By Kelly Guitard (Research Project Coordinator, NLWIC), Jessica Lee-Middleman (Adult Basic Education Instructor), and Alyssa King (Employment Counselor) at Employment Services, Stella’s Circle
International Literacy Day, September 8, is upon us with a focus on “Narrowing the Digital Divide.” The World Literacy Foundation defines digital literacy as “the ability to use information and communication technologies to find, evaluate, create, and communicate information, requiring both cognitive and technical skills.” When access and knowledge is limited, a digital divide is created.
For many Stella’s Circle participants, the digital divide exists two ways. The first: in access to affordable and reliable internet service. And the second: in the skills needed to navigate online information, services, and systems. Low levels of digital literacy continue to overlap with other aspects of socio-economic marginalization, including low incomes. Employers want people to have the skills to be productive in a new role. They believe digital skills improve employability and increase business productivity. In fact, to successfully get a job already assumes a level of digital literacy. Applicants must already have access to technology since many employers advertise jobs online, and require applications to be submitted online.
Prior to COVID-19, many of our participants who are not able to afford internet at home or phone-based data packages would seek out free Wi-Fi in public spaces. These were public spaces like coffee shops, Metrobus, public libraries, and community organizations like Stella’s Circle. The pandemic negatively impacted access to these public spaces, limiting vulnerable people’s ability to get information, access services, and apply for benefits.
In response to this need, most of our employment and work experience programs now include a digital component. Adult Basic Education, pre-employment groups, and Clean Start all include hands-on opportunities to use technology to actively improve digital literacy. Partnering with community organizations, such as the Community Sector Council’s techKNOWtutors and the YMCA Y-digital program, as well as funders like the NL Workforce Innovation Centre and the Department of Immigration, Population Growth and Skills, allow us to provide participants with more opportunities to increase their digital skills and knowledge.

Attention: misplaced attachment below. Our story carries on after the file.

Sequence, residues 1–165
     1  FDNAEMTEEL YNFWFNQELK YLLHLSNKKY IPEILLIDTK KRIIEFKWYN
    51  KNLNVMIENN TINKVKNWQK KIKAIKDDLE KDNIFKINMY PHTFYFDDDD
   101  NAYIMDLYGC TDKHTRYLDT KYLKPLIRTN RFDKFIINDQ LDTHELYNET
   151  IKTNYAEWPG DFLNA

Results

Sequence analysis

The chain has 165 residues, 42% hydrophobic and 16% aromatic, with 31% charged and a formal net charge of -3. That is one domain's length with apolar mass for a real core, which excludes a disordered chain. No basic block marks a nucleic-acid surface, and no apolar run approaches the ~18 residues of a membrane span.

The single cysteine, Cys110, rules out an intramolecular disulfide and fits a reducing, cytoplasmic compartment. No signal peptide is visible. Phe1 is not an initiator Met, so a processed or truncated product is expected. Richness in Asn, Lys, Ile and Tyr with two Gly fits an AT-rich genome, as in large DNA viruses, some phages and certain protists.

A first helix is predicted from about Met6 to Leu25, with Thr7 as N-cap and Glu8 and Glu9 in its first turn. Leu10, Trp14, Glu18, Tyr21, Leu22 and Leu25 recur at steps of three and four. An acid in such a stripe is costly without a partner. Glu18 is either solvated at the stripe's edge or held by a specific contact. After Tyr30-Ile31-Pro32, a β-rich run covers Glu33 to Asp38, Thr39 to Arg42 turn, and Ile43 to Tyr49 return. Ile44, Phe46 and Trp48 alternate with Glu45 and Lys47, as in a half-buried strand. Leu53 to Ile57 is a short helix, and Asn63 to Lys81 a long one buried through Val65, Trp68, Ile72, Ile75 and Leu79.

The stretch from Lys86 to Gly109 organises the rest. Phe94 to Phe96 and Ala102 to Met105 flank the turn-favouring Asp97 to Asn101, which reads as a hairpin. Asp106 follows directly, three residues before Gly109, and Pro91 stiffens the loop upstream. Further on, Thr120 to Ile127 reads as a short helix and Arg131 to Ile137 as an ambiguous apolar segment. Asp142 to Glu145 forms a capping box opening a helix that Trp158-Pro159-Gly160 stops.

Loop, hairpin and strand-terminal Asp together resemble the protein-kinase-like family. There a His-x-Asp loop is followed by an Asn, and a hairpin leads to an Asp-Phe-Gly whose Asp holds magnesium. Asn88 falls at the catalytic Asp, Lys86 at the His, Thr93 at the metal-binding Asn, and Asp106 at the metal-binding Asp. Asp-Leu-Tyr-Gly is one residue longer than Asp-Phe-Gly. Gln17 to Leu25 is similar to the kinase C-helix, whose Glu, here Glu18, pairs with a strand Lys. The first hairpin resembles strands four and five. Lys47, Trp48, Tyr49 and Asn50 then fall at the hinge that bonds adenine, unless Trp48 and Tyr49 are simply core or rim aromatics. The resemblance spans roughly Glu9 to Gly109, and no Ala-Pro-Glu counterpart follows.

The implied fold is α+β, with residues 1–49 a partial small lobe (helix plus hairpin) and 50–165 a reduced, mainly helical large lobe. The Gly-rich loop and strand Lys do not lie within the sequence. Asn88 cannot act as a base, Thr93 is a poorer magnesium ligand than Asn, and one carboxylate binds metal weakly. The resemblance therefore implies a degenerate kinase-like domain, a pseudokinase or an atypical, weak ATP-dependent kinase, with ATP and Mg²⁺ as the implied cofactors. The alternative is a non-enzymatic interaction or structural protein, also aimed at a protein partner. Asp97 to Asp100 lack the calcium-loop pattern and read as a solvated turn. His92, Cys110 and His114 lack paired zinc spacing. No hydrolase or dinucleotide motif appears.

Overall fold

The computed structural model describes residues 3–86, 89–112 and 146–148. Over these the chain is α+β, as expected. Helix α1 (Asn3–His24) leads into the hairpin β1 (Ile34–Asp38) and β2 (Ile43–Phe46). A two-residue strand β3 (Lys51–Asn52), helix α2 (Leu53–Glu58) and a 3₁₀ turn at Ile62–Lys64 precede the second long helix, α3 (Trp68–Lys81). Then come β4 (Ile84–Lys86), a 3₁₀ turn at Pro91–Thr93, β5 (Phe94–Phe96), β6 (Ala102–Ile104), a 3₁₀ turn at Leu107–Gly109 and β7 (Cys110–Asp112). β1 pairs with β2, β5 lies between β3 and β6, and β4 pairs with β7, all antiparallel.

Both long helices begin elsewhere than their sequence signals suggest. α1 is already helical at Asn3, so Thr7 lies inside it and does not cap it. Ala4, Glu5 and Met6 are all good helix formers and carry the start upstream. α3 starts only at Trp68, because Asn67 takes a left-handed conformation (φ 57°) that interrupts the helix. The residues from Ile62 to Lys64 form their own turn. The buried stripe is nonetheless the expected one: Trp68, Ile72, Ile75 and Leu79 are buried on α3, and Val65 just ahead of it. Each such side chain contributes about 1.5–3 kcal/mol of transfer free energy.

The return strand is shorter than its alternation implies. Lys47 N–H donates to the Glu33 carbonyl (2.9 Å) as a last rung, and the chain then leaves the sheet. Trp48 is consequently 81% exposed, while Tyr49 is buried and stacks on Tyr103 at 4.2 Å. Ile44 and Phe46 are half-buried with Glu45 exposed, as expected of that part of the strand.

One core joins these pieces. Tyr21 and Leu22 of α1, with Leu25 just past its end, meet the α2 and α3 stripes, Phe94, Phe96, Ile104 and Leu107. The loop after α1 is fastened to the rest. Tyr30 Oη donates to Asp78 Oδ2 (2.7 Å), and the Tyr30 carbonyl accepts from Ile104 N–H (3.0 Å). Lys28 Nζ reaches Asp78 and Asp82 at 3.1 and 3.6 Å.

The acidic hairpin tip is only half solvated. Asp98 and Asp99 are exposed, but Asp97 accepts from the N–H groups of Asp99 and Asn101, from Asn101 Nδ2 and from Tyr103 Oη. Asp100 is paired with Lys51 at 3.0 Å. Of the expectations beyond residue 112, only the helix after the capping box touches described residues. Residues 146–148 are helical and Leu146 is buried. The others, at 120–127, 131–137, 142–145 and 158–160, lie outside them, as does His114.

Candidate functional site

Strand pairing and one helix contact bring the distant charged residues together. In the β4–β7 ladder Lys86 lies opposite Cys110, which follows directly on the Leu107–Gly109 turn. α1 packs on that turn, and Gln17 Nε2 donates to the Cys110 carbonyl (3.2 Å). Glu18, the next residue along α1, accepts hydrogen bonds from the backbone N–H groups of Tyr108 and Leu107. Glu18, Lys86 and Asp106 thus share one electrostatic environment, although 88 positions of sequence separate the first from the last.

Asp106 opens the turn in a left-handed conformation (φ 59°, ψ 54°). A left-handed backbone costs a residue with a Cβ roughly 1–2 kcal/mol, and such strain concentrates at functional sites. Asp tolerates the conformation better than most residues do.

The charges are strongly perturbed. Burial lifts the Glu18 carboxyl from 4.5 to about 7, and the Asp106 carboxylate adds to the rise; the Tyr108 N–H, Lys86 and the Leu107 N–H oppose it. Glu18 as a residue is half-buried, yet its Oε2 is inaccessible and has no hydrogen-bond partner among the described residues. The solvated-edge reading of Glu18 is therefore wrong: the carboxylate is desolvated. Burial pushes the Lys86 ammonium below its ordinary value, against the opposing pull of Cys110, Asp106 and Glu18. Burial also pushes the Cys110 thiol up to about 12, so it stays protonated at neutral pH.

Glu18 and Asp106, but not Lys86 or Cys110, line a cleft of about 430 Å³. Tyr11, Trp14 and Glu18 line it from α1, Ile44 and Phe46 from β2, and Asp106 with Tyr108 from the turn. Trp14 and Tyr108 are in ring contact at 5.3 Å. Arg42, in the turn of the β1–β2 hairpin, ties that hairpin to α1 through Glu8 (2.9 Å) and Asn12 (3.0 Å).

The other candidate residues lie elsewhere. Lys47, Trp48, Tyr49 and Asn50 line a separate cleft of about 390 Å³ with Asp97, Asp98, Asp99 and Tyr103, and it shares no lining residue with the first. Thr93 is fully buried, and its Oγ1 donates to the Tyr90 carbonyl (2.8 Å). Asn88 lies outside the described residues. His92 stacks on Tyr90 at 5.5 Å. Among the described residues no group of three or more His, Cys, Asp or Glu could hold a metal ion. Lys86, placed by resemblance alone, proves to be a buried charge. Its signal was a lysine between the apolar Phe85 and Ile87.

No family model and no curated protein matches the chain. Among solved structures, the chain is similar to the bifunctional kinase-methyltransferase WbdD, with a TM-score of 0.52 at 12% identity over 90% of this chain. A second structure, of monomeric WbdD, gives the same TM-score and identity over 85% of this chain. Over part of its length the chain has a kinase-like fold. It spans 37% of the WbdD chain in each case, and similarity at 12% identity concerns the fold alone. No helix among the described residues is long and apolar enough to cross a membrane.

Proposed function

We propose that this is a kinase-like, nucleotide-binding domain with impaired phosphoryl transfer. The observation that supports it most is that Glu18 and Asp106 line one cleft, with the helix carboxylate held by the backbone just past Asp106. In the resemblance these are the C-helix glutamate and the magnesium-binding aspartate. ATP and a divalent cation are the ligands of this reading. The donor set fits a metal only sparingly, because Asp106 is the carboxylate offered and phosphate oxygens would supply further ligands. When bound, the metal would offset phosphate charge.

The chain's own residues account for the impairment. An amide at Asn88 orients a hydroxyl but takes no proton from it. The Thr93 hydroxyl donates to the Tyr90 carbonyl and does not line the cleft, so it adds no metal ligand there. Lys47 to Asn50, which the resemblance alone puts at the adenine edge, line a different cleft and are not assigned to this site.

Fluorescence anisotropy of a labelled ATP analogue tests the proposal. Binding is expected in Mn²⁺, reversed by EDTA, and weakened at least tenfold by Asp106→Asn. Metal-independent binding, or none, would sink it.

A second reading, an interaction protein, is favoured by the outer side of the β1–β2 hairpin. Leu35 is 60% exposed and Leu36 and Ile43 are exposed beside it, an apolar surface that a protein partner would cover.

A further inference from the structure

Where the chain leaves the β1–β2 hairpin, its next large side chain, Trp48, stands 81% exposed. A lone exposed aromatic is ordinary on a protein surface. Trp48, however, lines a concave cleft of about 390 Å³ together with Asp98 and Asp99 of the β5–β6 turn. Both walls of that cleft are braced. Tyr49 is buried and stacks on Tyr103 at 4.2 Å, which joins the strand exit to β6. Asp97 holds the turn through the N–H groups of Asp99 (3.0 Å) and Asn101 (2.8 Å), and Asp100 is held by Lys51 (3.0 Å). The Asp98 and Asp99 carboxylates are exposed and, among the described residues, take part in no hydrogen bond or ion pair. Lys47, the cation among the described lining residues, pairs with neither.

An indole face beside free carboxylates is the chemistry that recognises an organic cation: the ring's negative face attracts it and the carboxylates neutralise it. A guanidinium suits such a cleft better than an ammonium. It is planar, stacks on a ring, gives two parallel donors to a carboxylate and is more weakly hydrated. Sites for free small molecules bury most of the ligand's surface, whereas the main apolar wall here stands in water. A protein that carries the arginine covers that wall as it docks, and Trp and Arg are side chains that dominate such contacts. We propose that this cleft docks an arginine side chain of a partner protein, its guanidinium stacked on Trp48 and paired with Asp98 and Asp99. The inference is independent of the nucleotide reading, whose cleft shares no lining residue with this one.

Narrowing the digital divide aligns with Stella’s Circle core values of innovation, connectedness, respect, wisdom, and courage. Our Real Work programs and services at Employment Services use innovative methods to connect participants with the digital community. Offering a hands-on approach provides participants a safe space to courageously use their new-found digital wisdom to more fully participate in the world.
Thanks for the Chrome Book and headphones. I really appreciate that. They were helpful in making my resume, and I can now look for work online. – Transitions To Work participant
We’re working every day to narrow the digital divide at Stella’s Circle. Providing participants with the technology, assisting them in using it, and teaching them to critically evaluate digital content are all paramount. And by working with developers to design user-friendly and appropriate technology.